A few other naloxone grants were funded outright by the PCCD using funds from drunken driving fines, and all remaining naloxone grants are being funded by the Chiefs of Police Association with money it received from the PCCD.

Additionally, the commission prioritized a $280,000 grant to the University of Pittsburgh to maintain its OverdoseFreePA data project and related efforts by the school to assist counties with evidence-based strategies to reduce overdoses.

Grants covered by state funds

Grants not covered by state funds

Ongoing confusion

Even with make-up funds, there’s confusion.

Donna Schuck, chief operating officer of the Evangelical Community Hospital, said she didn’t even realize there was a problem with the funds making the budget.

Did the grant documents confuse her?

No, she said she understood the $10,000 grant depended on the budget, but she said PCCD staff encouraged them to submit for naloxone reimbursement so they would be in line when the money came through.

“I just kept following the process,” Schuck said. “And we kept following the program that we had outlined. So we just did everything according to plan, and we were reimbursed.”

Leonard, however, said that nobody should have been spending money, even if staff was accepting expense reports during the budget stalemate.

Then, on March 28, the budget became law.

It had bad news for grant recipients, yet it took weeks for them to be informed.

While the PCCD was administering the grants, the money would have actually come from the Department of Human Services. When the funds weren’t there, commission staff didn’t initially realize it.

“We didn’t know,” Leonard said. “It did take us some time for us to understand exactly what had happened.”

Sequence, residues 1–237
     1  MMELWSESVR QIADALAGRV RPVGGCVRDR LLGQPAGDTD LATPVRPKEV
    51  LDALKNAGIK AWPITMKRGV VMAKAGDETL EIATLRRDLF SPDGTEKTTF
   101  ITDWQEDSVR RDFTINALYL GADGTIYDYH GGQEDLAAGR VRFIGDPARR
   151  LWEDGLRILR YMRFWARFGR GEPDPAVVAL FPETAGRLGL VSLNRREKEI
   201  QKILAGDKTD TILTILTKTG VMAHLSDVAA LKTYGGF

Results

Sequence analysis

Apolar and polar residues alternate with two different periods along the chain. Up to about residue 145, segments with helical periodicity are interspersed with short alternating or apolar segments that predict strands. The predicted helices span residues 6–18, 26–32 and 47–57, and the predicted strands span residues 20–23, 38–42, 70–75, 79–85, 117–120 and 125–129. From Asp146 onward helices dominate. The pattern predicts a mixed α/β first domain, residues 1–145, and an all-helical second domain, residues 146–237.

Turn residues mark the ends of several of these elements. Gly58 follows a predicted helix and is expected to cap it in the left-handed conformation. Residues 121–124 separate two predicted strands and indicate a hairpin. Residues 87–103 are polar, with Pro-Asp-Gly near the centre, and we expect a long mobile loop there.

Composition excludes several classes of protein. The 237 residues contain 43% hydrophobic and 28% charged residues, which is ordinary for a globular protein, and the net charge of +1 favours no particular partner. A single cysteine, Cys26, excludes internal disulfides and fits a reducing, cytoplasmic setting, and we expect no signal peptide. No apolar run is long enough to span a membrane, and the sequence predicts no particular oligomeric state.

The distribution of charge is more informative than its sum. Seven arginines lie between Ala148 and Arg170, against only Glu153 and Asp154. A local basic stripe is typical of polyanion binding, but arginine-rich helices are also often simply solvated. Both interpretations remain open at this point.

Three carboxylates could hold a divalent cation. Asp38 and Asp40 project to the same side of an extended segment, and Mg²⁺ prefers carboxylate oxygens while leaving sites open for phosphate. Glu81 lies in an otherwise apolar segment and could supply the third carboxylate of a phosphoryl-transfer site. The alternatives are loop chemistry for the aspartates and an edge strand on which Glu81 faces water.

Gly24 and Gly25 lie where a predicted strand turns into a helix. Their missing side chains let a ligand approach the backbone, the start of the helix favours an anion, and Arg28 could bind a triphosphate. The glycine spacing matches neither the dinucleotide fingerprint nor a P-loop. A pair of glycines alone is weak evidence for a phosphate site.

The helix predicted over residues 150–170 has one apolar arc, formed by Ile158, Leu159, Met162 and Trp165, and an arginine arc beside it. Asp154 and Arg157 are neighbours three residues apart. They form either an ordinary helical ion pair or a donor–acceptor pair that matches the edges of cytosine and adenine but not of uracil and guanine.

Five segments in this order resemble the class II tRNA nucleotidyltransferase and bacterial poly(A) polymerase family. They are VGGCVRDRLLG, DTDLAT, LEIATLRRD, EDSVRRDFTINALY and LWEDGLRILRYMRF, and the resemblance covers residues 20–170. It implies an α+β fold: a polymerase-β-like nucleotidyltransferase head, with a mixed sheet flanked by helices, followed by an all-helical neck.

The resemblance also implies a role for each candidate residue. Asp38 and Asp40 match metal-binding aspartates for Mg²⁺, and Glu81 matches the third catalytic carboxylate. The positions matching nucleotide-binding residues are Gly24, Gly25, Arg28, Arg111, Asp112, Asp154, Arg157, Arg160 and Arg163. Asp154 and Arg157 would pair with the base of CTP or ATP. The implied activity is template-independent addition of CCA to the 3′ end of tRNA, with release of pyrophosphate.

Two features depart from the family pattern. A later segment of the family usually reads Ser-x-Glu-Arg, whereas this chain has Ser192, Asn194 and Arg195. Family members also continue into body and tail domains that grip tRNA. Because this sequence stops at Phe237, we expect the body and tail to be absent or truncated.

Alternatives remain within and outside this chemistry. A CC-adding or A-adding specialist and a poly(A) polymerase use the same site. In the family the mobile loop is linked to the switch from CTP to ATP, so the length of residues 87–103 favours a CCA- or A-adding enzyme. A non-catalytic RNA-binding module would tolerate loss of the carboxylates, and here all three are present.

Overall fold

Stalled treatment

While naloxone grants are being funded, many organizations were not so lucky.

Make-up funds are not currently available for outreach, like the work at Prevention Point, or medication assisted drug treatment, which together account for $2 million in expected funds for 12 recipients. According to the commission, half of those recipients spent nearly $200,000, which has not been reimbursed.

It’s possible that funds could become available, Leonard said, but the commission does not yet have a funding source.

“We are going to work to resolve any outstanding issues with those grants," he wrote in an email.

In Allegheny County, close to $294,000 would have paid for a program to supply medication-assisted drug treatment to county jail inmates.

Marc Cherna, the county’s human services director, described this as potentially life-changing treatment for inmates, who are likely to have addiction problems and would essentially be a captive audience.

Four other counties were awarded similar grants that didn’t make the budget.

Allegheny County held off on spending money, assuming that the budget fight could cause problems. That was based on their cautious assumption, he said, not any warning from the state.

And while the county wasn’t on the hook for prematurely spending money, there’s still the consequence of enduring an overdose crisis in one of the region’s hardest hit areas while the state chopped funds for some of the most effective treatment.

“We never really got off the ground that much,” Cherna said, “because the money didn’t flow.”

Reach Jeffrey Benzing at jbenzing@publicsource.org Follow him on Twitter @jabenzing.